The son disconnected the bayonet from the nozzle of his rifle quickly
and cut the rope, helping me to pull his father's blood soaked trousers
hang on, don't die, hang on," he consoled his father as he undid the
trousers; it was such a pitiful sight that it brought tears to my eyes.
It was such a horrible situation to watch your own father dying before
your very eyes and you could not do anything.
<p>"As I soaked the towel inside the iron bucket I had with to clean the area surrounding the wound, the man cried out,
<p>"<em>Ahh, Chineke mu, Alaoji bia kwa nu, Chineke bia kwa o</em>!"
<p>"<em>Papa ndo! Ndo! Sorry! Jisi ike</em>," his son consoled.
<p>"<em>Mmiri o, biko nun ye mu mmiri</em>!" he requested.
<p>"He needs water," The young man said to me as if I was deaf.
<p>I shook my head to indicate the request cannot be granted.
<p>"Please, give me water, Jesus, I am dying, I need a drink!" the father yelled, his son still looked at me questionly.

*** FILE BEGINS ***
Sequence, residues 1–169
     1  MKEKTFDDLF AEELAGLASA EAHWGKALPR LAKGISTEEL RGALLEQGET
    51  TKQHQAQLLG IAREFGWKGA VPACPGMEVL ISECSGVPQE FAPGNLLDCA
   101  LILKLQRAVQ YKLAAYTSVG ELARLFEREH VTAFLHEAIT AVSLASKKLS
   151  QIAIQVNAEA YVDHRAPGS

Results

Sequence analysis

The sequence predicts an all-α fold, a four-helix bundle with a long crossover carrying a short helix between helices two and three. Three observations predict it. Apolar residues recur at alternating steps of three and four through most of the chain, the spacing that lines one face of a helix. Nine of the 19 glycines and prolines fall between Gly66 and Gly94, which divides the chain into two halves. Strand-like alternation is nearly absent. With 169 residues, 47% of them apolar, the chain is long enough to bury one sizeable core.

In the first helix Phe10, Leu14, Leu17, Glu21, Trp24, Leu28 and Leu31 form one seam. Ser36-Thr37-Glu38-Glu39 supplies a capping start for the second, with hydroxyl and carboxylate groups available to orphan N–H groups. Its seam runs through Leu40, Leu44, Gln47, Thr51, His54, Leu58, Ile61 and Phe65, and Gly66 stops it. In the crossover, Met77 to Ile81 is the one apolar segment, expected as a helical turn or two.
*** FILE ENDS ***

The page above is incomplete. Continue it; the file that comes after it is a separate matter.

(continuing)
<p>"Give him water to drink please, he is my father!" he pleaded as tears rolled down his young eyes.
<p>"No, it would kill him," I told him.
<p>"<em>Chineke umu Africa, biko, mmiri</em>! I need water, my mouth is dry," the man groaned, I could see his loss of blood was sapping whatever energy he had left.
please don't die, please hold on," his son cried, "Nurse! Help me,
don't let my father die, please help me." He asked holding his dying
father's head on his laps. I cleaned the surface of the wound and the
man flinched and shouted with a very familiar painful shrill that I
had become accustomed to inside the hospital's butcher room,
<p>"Hmm, <em>chukwu </em>
<place><em>Ala</em></place><em> oji nwa oduma anaa</em>!
Blood trailed out slowly from the wound, whoever fired the shot aimed
to kill him instantly but instead his death was occurring slowly. I
went on to bandage his waist to stop the bleeding.
is the doctor?" the kid soldier asked with tearful pleading eyes, I
pointed towards the new doctor who was standing by the bed of another
Doctor!" the boy called out, leaping up and moving towards him, I cried
more for his pain; he was willing to keep his father alive. I looked
back at the dying man, his eyes were half closed and some saliva were
running down his mouth, his mouth squeezed into a smile as he looked at
this is how a man goes," he said a little audibly, I held his hand, not